Kansas City wedding photographer | boudoir photographer | family & newborn photographer » Darbi G. Hebrank is Kansas City portrait, boudoir and wedding photographer located in the Kansas City area ( including Lee

Why do photographers (gasp) charge so much?

Many people question why photographers charge what seems like so much for the digital files  (and albums, etc.). Let me try to explain it to you.

People tend to forget that photographers need to make a profit, or else they wouldn’t do it. It’s a business. We all work to make money, right? Yes, we photographers are lucky to have found something we love to do that we can make money doing…but does that make it any less important to be able to provide for ourselves and our families? No!

So if photography is our business, we have real business expenses. Expensive equipment, expensive software, expensive maintenance fees for sites, gallery platforms, marketing, accountants, sample products, postage, packaging, workshops to learn even more and bring clients even better work, assistants and so forth. Plus all the boring stuff like utilities of the actual office/studio etc.

Before digital, people bought prints, and that is where photographers could turn a profit. Now people want files. And photographers will usually sell them to you … but for a price.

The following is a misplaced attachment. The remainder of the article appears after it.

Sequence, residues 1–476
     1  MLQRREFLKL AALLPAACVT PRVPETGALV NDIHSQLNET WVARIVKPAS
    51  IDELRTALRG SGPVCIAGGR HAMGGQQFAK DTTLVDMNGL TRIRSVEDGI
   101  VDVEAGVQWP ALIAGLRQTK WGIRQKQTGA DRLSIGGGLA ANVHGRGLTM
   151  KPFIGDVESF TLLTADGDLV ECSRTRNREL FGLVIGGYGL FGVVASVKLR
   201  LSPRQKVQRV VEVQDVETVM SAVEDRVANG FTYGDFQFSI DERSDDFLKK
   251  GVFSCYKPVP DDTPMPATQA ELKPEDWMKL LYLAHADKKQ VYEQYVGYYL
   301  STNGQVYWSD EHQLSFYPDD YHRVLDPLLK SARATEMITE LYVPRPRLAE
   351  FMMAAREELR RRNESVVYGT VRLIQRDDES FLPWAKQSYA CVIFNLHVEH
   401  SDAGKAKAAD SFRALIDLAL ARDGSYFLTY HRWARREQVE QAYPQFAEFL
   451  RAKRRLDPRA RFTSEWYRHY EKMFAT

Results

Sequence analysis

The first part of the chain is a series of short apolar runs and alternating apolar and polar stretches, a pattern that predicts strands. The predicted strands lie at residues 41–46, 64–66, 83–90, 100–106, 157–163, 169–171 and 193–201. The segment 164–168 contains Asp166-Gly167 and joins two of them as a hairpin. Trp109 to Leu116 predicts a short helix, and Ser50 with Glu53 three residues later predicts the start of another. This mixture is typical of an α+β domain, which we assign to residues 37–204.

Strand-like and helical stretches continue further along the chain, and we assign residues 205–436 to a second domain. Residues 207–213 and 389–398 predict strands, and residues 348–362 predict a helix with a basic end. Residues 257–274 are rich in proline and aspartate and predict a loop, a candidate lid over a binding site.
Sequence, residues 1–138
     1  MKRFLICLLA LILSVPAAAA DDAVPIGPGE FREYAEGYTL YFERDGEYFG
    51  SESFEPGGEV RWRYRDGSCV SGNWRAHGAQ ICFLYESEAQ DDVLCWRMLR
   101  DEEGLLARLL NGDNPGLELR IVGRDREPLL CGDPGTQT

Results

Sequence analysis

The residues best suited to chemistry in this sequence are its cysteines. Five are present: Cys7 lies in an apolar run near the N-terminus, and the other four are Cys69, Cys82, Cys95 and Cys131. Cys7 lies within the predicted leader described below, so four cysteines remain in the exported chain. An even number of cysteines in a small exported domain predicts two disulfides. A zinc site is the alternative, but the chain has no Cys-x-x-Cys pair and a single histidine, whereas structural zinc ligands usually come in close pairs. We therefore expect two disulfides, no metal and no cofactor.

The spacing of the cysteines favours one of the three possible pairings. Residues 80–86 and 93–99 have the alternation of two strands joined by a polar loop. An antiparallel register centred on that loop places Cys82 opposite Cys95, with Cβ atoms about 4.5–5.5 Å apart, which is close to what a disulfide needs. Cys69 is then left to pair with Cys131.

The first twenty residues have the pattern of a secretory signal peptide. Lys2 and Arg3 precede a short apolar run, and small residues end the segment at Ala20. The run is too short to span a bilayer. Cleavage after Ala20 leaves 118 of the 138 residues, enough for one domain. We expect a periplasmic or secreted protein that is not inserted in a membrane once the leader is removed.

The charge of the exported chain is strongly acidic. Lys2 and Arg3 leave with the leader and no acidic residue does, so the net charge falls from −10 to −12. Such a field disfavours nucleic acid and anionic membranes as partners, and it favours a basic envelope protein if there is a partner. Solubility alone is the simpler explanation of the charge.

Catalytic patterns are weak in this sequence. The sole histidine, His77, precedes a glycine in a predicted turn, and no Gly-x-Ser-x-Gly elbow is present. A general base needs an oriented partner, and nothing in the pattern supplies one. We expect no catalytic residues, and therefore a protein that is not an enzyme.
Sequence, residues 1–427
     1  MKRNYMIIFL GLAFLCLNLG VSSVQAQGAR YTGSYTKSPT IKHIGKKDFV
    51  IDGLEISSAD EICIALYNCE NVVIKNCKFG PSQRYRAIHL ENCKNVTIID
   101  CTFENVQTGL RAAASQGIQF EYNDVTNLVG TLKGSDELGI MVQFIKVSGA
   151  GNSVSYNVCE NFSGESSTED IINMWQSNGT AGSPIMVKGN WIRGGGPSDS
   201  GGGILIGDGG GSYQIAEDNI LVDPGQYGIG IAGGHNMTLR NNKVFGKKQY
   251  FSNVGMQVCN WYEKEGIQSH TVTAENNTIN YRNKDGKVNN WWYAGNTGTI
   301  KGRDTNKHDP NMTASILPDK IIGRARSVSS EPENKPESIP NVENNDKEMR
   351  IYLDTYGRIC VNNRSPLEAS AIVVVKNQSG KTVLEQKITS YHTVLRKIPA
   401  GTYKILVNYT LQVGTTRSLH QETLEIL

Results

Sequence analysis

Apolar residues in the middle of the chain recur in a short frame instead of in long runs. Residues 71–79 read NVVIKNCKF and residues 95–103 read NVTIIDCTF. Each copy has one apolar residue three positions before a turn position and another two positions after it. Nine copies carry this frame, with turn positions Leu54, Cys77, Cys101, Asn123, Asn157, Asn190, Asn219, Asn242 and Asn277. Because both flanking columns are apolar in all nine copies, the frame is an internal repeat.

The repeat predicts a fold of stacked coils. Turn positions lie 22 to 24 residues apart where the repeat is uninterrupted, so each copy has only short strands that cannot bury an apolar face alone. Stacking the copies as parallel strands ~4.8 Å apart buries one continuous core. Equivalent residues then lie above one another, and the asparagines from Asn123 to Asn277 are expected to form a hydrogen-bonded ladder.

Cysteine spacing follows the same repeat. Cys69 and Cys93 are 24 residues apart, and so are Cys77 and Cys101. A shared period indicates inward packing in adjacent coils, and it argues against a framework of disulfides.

We can’t just give art away.

Look at it this way—a typical wedding is 8-12 hours of shooting. Then after that, processing the images and getting them ready for viewing ranges from 20-40 hours. (Depending what else is in packages like slideshows, albums, blogging, etc..) Add on to that the cost of doing business. The cost of time. The cost of something that should be considered ART.

Lifestyle sessions are 1-2 hours of shooting. But there is more than just showing up with a camera. Marketing, communication with the client, processing, uploading, blogging, packaging, all go into it as well.

And of course the 25-35 percent we lose to taxes, just like all other working folk.

So let’s say a wedding photography package is $2700. Nearly $900 goes to taxes, another $900 goes back in to the business, that means the photographer “makes” $900. Factor in the time of shooting, the time of processing, uploading, meeting with clients, communicating with clients, burning discs, finetuning files, and all the other in-between things that aren’t worth listing……it results in $22/hour (if all of the above takes at least a week to do, a minimum of 40 hours…which they usually takes more….). Compare that to other CAREERS out there. You’ll see it’s not that much.

So enter the digital files. Why put all that time into the art, when you basically only got paid to shoot and process, but not for the art itself? (to see examples of what is the difference between a picture taken and a picture processed… go here) Divide the cost of the set of image files by the number of expected images and you’ll get the per-image price.  If you were to buy a 4×6 print of say, 5o photos, what would cost you $500. That is significantly higher than what I charge for the set of image files of MORE than 5o images. AND…by buying the files, you can make whatever size, however many times…16x20s… 11x14s, you name it. Not to mention you can use the low-res photos on facebook, or create a photo book, calendar, whatever you want for personal use. The value far exceeds the cost.